Dell sued for allegedly misleading stockholders on strength of overseas market

By Shaun Zinck | May 20, 2015


A major computer manufacturer is being sued over allegedly making false statements about the strength of its business in overseas markets.

City of Pontiac General Employees' Retirement System filed the lawsuit on May 21, 2014, in U.S. District Court in New York against Dell Inc., claiming the company's business in the Asia-Pacific, Japanese and European, Middle Eastern and African regions was struggling.

According to the lawsuit, Dell announced on Feb. 21, 2012, that its 2012 fiscal year-end financial results in the those markets was experiencing strong growth. However, the plaintiffs claim Dell was facing “weak demand for and severe pressure associated with its notebook and desktop PC product lines.”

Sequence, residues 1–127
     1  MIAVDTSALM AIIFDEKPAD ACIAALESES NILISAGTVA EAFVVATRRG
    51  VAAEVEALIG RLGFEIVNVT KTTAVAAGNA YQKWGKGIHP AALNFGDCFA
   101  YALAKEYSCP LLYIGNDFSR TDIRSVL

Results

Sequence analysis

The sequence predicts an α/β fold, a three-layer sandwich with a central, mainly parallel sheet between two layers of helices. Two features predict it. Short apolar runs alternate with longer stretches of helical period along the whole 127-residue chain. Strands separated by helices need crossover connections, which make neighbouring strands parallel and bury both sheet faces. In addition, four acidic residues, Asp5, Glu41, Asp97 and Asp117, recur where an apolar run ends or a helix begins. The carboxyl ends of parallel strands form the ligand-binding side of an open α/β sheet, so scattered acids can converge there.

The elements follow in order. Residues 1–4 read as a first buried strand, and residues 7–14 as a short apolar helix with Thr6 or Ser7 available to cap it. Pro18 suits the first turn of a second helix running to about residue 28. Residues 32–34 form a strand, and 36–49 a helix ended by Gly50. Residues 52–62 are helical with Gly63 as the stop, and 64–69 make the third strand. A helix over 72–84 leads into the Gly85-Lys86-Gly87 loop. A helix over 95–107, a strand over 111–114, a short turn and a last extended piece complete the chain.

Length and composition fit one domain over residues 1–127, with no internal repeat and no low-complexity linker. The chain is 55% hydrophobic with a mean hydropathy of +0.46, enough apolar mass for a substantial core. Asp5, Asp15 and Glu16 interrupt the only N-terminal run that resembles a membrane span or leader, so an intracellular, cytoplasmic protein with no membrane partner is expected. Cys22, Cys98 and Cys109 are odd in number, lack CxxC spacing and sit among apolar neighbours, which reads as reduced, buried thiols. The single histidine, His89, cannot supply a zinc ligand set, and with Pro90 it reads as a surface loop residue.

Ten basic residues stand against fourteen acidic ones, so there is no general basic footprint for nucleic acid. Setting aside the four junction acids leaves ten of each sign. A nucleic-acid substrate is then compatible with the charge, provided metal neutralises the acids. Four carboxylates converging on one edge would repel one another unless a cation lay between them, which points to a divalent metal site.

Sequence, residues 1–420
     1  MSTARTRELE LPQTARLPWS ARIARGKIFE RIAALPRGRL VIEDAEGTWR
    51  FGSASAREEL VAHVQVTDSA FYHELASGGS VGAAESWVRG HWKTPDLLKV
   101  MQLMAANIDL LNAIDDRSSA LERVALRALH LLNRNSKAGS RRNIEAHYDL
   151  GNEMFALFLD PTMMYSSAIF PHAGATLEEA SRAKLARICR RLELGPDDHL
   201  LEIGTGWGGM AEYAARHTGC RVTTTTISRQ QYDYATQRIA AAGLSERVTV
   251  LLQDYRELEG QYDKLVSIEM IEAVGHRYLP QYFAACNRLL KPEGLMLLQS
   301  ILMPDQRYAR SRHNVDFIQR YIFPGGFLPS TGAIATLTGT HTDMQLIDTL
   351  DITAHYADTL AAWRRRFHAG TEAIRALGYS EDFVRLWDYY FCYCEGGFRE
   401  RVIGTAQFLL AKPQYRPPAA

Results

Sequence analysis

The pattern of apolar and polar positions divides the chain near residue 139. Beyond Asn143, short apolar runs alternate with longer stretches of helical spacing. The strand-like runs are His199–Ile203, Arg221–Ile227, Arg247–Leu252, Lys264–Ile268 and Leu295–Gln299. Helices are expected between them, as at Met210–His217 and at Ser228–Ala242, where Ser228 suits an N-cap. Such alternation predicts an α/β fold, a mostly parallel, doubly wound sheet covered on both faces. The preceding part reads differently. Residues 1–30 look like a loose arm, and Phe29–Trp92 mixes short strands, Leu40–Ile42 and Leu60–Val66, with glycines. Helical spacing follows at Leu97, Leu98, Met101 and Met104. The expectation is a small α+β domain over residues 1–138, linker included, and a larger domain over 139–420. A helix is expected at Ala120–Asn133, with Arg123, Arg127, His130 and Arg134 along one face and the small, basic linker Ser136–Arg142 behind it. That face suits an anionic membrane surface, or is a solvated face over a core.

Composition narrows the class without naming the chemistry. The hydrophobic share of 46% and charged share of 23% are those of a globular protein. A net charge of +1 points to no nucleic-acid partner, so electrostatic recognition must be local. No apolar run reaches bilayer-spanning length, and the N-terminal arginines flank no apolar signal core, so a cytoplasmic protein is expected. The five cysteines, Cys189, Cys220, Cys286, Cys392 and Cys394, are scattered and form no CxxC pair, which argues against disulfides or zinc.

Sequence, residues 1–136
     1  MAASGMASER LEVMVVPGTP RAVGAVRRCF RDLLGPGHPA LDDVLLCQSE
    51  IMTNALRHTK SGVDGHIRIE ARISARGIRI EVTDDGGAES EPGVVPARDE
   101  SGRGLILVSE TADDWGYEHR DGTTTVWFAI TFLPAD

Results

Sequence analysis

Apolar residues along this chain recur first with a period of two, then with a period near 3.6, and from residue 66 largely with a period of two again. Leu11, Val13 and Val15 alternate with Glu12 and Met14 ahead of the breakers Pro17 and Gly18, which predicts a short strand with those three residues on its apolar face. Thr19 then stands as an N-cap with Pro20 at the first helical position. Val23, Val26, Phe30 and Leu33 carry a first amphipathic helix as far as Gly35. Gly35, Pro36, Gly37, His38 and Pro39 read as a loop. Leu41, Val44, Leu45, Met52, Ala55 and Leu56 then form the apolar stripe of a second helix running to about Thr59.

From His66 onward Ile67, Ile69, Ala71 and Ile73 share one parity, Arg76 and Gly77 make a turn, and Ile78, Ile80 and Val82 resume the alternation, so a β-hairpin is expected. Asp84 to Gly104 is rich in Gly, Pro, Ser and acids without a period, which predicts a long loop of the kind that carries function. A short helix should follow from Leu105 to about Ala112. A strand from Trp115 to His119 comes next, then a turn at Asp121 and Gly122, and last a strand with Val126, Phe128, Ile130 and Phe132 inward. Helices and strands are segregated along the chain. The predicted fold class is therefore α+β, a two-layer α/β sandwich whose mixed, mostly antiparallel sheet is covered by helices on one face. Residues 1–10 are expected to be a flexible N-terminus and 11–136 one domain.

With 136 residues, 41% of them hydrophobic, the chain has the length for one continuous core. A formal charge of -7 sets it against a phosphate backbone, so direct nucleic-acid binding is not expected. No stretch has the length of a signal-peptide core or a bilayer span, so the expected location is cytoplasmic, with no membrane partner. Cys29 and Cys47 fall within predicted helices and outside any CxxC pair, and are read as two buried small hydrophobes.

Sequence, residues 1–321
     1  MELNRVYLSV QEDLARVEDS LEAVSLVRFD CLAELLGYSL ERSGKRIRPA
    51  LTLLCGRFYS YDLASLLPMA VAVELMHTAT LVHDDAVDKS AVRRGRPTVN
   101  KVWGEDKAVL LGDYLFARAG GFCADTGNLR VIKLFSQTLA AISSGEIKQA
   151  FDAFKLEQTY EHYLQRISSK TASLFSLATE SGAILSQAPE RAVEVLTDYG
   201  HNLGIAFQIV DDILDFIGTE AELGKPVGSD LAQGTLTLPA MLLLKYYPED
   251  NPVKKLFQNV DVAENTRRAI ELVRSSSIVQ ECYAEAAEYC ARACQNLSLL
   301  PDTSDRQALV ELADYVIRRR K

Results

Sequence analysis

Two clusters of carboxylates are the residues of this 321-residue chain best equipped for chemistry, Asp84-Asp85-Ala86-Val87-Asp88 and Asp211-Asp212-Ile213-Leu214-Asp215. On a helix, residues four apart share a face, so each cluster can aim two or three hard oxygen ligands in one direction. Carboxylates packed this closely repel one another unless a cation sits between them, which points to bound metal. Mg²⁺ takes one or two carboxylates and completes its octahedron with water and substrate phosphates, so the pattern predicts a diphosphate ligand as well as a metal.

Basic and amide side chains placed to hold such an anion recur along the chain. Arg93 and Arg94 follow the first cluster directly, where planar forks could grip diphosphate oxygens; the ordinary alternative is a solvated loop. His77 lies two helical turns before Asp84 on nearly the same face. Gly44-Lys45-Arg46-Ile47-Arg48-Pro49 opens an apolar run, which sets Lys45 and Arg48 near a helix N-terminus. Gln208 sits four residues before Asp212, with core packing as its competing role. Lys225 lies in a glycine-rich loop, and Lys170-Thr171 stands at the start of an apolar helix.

The lawsuit said the pressures were so severe that Dell's management issued directives not to pursue some notebook and desktop sales in those markets, the lawsuit said. Dell's 2013 first-quarter numbers were about $500 million lower than expected, and stock prices fell about 17 percent, the lawsuit said.

The plaintiffs are seeking class status in the lawsuit for all stockholders of Dell between Feb. 22, 2012, and May 22, 2012.

They are represented by Samuel H. Rudman and David A. Rosenfeld of Robbins Geller Rudman & Down LLP in Melville, N.Y.; and Cynthia J. Billings of Sullivan, War, Asher & Patton, P.C. of Southfield, Mich.

U.S. District Court Southern District of New York case number 1:15-cv-00374.

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